The sight of an archer pulling back a bow looks so effortless when seen in Game of Thrones, Lord of the Rings or The Hunger Games. Yet it is a skill that takes a lot of learning, and requires considerable physical stamina. Angela Youngman takes a look at archery on screen and off…

On Screen

When you see actors like Russell Crowe and Sylvester Stallone pulling back a bow and letting an arrow fly, it is not stuntmen doing the work. The actors spend hours learning and training for their roles. For this, film companies call upon skilled archers to teach their stars. One of the most well known is Stephen Ralph, who has worked on blockbusters such as Braveheart, Troy, The Mummy and Robin Hood.

Russell Crowe was determined that his role as Robin Hood would be as authentic as possible. Crowe loved it, telling Empire magazine: “It’s great. I’m in love with the flight. I just love it when the arrow is released from the bow. You can only do that sort of stuff if you really take the time to learn the sport. It’s cool man, very cool.”

And as his mentor, Stephen Ralph pointed out: “I discovered Crowe had done a tremendous amount of research and he wanted to get someone who knew as much about the men and the weapons and the way it was built, as much as how to shoot it. He had a grounding when I got there, but we had to start again. He was learning archery, but not medieval archery.”

As Crowe and countless other actors have discovered, archery is very physical, very hard work and needs a lot of practice. When preparing for The Hunger Games, Jennifer Lawrence (who plays Katniss Everdeen) trained with Olympic archer Khatuna Lorig. Lawrence had to learn to use a 10 kg (20lb) Olympic style wooden bow, and even sustained injuries, from smacks to the face with her bow to snapping strings to the arm.

Off Screen

Archery has a long history – it has been known since the Paleolithic period and has been developed steadily within every civilisation.

Nowadays, archery is mainly used as a competitive sport and for recreation. Target shooting at the butts is the most common form, in which accuracy is essential in order to gain points. Field archery (also known as cloutie) is gaining popularity within Europe and America. Cloutie shooting is very simple – you fire high and aim for length, targeting small flags in the grass.

There are many different types of bow that are used in archery, from the traditional long bows and crossbows, to the recurve and compound bows. The modern Olympic recurve bow looks quite high-tech but in reality it is actually based on a bow style that originated over 3500 years ago. Most archery schools will provide the basic equipment – a bow, and a bracer (or arm guard) which protects the inside of the arm and prevents clothing from catching the bow string. Anyone who decides to become a serious archer tends to buy their own equipment.

No matter what type of bow you are using, the basic archery techniques to be learned are the same. Participants have to learn how to stand, place fingers and hand, how to draw a bow, anchor, hold and release an arrow. They also have to learn how to aim at a target, how to use sights and develop their technique. Simply putting an arrow into a bow and shooting is not enough. While anyone can learn to hit a target within a few hours, becoming a master archer takes years of training to reach a competitive level. Hours of practise are essential in order to reach a high standard.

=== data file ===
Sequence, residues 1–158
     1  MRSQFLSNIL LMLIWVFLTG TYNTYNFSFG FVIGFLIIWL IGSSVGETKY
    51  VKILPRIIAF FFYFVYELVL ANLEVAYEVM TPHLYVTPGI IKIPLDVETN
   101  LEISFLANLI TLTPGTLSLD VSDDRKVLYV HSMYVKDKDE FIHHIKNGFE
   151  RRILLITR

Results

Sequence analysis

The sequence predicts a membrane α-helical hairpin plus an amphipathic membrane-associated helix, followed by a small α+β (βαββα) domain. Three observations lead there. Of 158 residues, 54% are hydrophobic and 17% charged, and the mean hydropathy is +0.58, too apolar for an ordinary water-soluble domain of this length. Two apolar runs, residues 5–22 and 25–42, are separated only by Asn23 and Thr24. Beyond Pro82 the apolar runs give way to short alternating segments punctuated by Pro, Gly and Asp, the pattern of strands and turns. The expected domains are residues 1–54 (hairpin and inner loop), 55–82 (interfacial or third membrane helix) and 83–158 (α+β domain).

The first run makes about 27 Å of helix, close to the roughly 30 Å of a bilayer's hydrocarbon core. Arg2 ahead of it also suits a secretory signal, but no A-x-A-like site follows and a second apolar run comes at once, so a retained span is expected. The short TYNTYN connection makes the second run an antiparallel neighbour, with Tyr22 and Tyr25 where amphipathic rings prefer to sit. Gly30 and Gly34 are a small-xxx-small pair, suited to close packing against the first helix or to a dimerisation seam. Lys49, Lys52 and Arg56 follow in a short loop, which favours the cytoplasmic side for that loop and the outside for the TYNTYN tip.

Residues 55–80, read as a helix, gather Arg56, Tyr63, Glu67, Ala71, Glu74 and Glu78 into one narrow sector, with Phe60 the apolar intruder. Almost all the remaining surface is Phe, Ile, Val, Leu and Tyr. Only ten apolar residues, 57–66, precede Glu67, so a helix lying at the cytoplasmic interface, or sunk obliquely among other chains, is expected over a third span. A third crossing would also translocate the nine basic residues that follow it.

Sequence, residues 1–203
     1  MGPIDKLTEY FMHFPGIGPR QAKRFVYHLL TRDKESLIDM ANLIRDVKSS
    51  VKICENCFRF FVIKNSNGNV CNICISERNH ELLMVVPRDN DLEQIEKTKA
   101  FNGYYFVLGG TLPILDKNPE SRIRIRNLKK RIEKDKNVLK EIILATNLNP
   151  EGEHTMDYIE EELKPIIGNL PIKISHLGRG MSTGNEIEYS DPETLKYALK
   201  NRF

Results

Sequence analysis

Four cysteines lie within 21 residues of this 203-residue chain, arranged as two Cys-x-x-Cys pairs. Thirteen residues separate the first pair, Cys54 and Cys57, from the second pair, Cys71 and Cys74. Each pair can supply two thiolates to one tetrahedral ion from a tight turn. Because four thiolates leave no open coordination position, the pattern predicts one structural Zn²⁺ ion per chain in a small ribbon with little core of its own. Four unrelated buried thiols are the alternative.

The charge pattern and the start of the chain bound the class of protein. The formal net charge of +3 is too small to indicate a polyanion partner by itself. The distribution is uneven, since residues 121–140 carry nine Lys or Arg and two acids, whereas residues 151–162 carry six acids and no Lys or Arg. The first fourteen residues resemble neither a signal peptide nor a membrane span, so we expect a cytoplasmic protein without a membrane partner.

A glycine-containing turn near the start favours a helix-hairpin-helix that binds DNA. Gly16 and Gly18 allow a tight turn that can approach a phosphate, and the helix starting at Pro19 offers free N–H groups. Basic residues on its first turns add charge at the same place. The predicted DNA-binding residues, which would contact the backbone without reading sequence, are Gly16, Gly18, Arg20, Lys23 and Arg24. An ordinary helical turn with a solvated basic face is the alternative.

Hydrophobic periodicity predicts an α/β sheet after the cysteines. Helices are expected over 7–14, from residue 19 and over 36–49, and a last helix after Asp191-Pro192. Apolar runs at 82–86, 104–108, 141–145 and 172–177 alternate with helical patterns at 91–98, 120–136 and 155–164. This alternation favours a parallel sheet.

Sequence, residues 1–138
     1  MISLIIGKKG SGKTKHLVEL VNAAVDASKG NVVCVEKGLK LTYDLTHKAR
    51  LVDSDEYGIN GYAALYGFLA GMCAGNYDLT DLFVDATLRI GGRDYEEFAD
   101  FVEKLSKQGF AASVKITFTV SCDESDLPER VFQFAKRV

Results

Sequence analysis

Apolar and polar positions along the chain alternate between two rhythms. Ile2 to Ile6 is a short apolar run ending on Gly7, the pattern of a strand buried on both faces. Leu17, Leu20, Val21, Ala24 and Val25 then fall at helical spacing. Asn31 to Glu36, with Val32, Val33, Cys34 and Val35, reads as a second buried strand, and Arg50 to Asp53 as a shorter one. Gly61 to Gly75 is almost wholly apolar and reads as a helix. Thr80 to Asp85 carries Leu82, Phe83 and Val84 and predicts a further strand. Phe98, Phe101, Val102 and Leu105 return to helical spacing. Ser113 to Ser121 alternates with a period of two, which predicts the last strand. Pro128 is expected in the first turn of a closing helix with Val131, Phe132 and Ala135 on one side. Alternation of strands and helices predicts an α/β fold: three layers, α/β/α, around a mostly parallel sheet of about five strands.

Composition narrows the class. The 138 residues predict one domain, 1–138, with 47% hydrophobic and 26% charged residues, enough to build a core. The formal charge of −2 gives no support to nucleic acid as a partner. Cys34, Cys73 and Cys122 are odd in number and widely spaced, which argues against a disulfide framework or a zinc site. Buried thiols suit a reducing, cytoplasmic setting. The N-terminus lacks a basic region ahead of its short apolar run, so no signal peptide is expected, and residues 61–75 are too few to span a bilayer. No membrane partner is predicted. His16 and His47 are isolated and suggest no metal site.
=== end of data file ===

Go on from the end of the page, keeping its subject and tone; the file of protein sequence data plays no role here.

So what type of physical skills does a successful archer require? You need to be physically fit and have good arm and hand muscles. Regular practise will have an impact on your level of physical and mental fitness. Archery is brilliant at developing hand/eye co-ordination, upper body muscles, balance, flexibility as well as mental fitness. The archer has to learn how to focus and concentrate, be patient while waiting for others to fire, and when firing arrows themselves. They also have to learn to obey orders – after firing arrows, everyone has to wait until the last person has shot before the command is given to collect arrows. This is purely for safety reasons – archery can be lethal. It is a dangerous sport and it is important that participants learn to be responsible for each other and for the equipment they are using.

In Kuwait

Within Kuwait there are many archery workshops and classes, and Kuwati archers are making a name for themselves on the international stage. In February 2014, a world Archery International Judge from Egypt, Dr Ahmed Koura, held the first archery judge seminar in Kuwait. Following the session ten participants became Kuwait’s first group of archery judges. The standards were very high as it was essential to obtain a grade of at least 75% in order to pass the final examination. At the Liberation Olympic Archery Tournament held soon afterwards, Khalaf Al-Otaibi, president of the Kuwait and Arab Shooting Federation commented that “we now have referees in archery who can run local and international events that we hope to organise in the future.” Winners in the Liberation Olympic Archery Tournament included Ahmad-Shatti, Abdallah Al-Ajmi, Salem Al-Saeed, Ali Al-Mutairi, Zaid Al-Saaed and Mohammad Al-Mutairi. Kuwaiti archers such as Ahmad Shatti also took part in the 2014 Asian Games held at Incheon.

One of the most recent developments has been the arrival of Archery Tag, which combines the fun of dodgeball with archery. Players use bows and special foam-tipped arrows to try to knock out the opposing team, while trying to avoid being tagged themselves.

@ArcheryKuwait

 

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